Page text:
Privacy – “Watch Dogs 1 and 2″
Have you ever felt like being watched? Like Big Brother is always around you, lurking in the dark, studying and recording your every move? We are living in the age and time of information and the improvement in technology is far from slowing down. Also, the number of people uploading all of their information on the internet is increasing. This is why black hats are more eager to steal any sensitive information they can get their hands on.
Watch Dogs, is a video game about hackers waging war on the government for manipulating information and invading the privacy of their people. This video game does not really tackle or explain ‘hacking’ in detail; but it shows what hackers can do with the information that the people, themselves, gave out there on the internet. This game is a sweet reminder that internet privacy is sometimes just an illusion to make us feel safe. It also reminds us that the internet is a very dangerous place to be placing all of our information.
Social Difference – Multiple Video Games (Witcher Series, Life is Strange, The Last of Us, other video games)
So what if you have white hair, feline eyes, are sterile, and have high resistance, if not immune, to diseases? So what if you have pointy ears and live longer than humans? We are all living things and we can co-exist if given the chance and consideration.
The Witcher series, which is set in the world of Temeria, is flooded with racism and discrimination. Elves and Dwarves are discriminated against for not being human, despite the humans being the invaders of the land. Basically, humans are the foreigners and, yet, they are pushing away and abusing the original inhabitants of the land. Luckily, Geralt, despite being discriminated against himself, acts as the median between the two worlds. That of humans and of ‘non-humans’. Geralt does not make any rash decisions when doing a job. He investigates first and looks for a way for both parties to work together. With an exception, there is no consideration to be given for evil-tainted individuals, human or non-human.
Life is Strange is a video game that takes place in a small town called Arcadia Bay. A place where a lot of things happen. Including alcoholism, bullying, and child abuse. Child abuse is a social issue that’s very rampant nowadays; this video game shows the whole issue from a different perspective. You play the game and see the world through the eyes of a teenager with the ability to control time, Max Caulfield. The game also includes other issues like teenage pregnancy, social anxiety, and brats who think like they are on top of everyone. Max’s story is also a depiction of how it feels like to be bullied for being “not among the famous”. This is a game definitely worth checking out if you want a relaxing soundtrack and a story that is full of twists.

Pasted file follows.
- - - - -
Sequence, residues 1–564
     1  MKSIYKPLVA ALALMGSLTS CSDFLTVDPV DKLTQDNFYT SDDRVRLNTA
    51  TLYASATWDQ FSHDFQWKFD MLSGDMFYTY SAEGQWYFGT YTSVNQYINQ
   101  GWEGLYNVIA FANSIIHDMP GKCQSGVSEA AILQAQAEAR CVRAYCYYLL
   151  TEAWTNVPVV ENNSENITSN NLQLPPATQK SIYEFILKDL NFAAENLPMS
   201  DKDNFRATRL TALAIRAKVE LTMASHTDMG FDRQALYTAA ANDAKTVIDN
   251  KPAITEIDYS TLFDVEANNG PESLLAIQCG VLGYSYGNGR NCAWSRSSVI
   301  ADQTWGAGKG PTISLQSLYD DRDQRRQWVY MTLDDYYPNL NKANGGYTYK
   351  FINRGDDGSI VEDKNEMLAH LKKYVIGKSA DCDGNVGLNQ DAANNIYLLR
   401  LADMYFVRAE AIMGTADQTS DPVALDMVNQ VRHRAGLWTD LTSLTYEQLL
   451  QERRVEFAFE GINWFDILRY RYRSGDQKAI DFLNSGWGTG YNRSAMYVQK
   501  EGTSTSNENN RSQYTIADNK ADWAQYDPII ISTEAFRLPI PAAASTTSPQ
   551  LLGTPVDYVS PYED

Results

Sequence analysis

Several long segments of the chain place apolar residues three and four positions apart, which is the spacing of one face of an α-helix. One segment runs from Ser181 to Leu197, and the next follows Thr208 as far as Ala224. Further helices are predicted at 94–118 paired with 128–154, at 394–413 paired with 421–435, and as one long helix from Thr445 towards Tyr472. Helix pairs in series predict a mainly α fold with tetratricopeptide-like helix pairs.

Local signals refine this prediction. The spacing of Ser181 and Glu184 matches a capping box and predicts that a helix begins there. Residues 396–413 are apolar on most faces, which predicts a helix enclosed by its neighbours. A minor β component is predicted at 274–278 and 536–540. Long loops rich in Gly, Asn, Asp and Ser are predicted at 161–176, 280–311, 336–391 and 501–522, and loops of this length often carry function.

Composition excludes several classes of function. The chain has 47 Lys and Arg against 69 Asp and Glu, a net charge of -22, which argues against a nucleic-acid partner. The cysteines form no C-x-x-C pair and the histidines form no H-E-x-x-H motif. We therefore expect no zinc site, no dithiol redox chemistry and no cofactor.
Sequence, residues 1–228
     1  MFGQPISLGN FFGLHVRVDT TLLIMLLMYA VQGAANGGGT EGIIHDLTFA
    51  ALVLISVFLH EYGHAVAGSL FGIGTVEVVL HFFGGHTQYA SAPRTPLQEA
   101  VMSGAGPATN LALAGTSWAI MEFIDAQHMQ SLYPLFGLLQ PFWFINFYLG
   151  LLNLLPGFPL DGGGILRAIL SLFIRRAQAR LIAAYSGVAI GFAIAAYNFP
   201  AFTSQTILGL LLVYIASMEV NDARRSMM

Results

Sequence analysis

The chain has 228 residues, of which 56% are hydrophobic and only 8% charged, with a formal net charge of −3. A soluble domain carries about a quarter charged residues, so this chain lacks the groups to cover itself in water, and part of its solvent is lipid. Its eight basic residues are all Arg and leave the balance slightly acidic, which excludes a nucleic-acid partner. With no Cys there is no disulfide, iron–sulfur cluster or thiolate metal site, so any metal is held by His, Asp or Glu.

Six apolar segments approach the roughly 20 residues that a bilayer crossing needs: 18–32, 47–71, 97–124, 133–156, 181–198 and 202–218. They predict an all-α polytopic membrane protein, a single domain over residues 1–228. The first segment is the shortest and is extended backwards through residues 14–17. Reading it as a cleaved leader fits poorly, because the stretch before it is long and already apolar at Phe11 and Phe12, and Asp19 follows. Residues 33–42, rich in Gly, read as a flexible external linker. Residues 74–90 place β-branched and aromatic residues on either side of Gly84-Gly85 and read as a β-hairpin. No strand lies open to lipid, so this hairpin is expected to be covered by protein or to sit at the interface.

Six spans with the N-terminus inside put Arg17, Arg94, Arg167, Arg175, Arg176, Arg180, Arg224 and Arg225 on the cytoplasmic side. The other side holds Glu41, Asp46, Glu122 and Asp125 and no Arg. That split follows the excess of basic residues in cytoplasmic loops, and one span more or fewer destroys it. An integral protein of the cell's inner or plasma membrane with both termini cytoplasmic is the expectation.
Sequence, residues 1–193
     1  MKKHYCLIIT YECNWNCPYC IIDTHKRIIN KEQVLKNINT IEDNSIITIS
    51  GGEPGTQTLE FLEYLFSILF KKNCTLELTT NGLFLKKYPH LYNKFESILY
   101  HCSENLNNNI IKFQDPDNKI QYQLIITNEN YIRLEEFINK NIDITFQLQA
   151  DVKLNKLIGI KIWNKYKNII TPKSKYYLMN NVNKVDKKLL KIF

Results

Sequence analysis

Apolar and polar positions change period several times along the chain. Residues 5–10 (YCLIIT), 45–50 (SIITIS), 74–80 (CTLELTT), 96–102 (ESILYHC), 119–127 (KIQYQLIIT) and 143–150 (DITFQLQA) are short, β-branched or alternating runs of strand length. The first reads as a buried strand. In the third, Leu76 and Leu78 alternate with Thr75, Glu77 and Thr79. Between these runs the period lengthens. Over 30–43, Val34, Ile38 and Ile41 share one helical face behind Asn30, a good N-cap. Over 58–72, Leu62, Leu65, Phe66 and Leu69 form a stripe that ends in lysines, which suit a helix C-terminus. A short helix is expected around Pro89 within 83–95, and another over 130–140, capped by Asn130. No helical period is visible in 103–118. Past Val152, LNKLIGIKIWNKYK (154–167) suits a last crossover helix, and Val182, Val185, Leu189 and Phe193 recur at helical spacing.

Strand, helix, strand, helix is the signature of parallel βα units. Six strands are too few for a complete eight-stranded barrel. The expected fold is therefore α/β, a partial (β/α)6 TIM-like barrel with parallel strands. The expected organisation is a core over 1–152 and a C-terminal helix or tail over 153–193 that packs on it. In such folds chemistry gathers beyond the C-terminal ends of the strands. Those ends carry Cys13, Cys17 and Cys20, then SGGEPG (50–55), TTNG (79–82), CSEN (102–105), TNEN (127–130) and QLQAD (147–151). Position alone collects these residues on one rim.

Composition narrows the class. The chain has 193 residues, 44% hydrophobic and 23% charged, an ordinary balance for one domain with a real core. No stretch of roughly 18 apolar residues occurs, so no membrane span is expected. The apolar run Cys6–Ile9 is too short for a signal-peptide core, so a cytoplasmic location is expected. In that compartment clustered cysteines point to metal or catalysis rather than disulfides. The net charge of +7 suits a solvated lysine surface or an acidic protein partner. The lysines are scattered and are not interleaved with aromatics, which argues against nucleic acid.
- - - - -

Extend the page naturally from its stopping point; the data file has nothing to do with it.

The Last of Us: Left Behind, sparked controversy when Ellie and Riley hinted quite a number of times about their feelings for each other. We all remember that photobooth scene, right? How about that scene where they dance to a tune and then unknowingly attract a horde of infected? All of these hints led to one conclusion and a lot of people were shocked. Some related and found themselves in the position of the protagonists in terms of personal identity; some accepted the fact and were happy for the pair; but, for some…they just do not approve of the whole charade. The relationship they have and the characters themselves don’t actually raise an issue; but the different ways people responded to the writing of the game, present an issue on sexual discrimination.
There you go. Here are just some of the video games that tackle some of the issues we are facing up to this day. There are still a lot of games that depict issues not mentioned here. If you have played a game with an interesting theme, comment them down below, and let’s have a talk. Looking forward to hearing from you!
A decade ago, Ubisoft introduced us to a world like no other. The world of Assassin’s Creed, where the Assassin’s are the good guys and the Templers (those who stand for the wrong goals) are the bad guys. Since then, the Assassin’s Creed franchise has built a platform on the seemingly endless battle between Assassin’s and Templars. Venturing from location to location across history’s greatest time periods. From: The Italian Renaissance, Ottoman Empire, the American Civil War, Victorian England, the Age of Pirates, and the French Revolution.
For now, the next installment of the franchise will continue their tradition of fighting within the past. If following the rumors, it looks like the next title game for the Assassin’s Creed franchise will be called, Assassin’s Creed: Empire. However, Ubisoft has yet to confirm this.
So, where will they take us this time?
Easter Egg Within an AC Game
Scouring the internet is a lot of fun. Especially when the fandoms are in full force yelling at one another about the who, what, where, and when. However, Ubisoft themselves have dropped a few Easter eggs to the next possible Assassin’s Creed game.
Now, if you were strictly the story you may have missed this one. This was not one that in the heart of the game, rather it is found when the present-day character can move about Abstergo Industries. Looking through the emails on the computers, you would come across one that shows the name Osiris and a view of pyramids. Hinting of a possible character/title and the location. Ancient Egypt, perhaps?
Osiris after all is the Ancient Egyptian God of the dead who laid final judgment of your place in the afterlife. Kind of fitting since Assassin’s basically lay a similar judgment upon their enemies.
Easter Egg in Ubisoft’s 2016 Game
Another playful and clever tease and Easter egg Ubisoft unleashed upon its Assassin’s Creed fan was within its big game release of 2016, Watch Dogs 2.